In the present case, plaintiff does not allege that defendants subjected him to a religiously hostile work environment. It is not alleged that defendants, or any of plaintiff’s co-workers, made any insulting or demeaning comments, or threats, regarding plaintiff’s religion. There is, quite simply, no allegation – or even the slightest hint – of “discriminatory intimidation, ridicule, and insult” anywhere in plaintiff’s complaint. The Court shall therefore grant defendants’ motion to dismiss Counts III and V on this basis.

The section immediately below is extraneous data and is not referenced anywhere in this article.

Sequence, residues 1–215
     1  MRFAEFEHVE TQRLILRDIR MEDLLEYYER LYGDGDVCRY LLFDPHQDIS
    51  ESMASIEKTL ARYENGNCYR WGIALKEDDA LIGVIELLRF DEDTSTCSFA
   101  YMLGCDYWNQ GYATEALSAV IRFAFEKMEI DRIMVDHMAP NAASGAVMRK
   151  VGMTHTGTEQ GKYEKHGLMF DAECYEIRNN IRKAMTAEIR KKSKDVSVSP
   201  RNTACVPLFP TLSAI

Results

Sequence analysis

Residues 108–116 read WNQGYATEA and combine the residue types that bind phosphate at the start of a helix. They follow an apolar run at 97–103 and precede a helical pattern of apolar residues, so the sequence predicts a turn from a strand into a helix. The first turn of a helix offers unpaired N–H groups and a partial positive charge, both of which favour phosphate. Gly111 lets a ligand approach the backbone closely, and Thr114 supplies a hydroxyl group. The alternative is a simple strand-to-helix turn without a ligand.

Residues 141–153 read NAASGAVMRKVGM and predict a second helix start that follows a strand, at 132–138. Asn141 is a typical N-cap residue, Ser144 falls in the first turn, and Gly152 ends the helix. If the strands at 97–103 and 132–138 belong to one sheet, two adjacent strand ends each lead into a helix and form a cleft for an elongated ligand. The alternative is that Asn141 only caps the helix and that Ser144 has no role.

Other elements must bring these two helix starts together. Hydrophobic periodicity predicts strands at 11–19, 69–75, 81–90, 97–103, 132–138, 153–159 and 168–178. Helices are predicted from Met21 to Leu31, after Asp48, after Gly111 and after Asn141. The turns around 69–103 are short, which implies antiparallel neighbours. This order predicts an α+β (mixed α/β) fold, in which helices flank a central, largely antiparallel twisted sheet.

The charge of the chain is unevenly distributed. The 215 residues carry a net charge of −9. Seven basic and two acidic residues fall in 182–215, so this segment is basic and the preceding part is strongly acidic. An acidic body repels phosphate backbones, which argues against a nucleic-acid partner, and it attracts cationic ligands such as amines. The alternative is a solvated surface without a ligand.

So, what is the takeaway from Hassane? Courts are likely to be skeptical of hostile work environment claims that lack evidence of explicit discriminatory remarks, or other direct evidence of discrimination. As such, make sure that you document and keep track of those harassing comments regarding our race, gender, pregnancy, national origin, disability, religion, military status, ancestry, or age.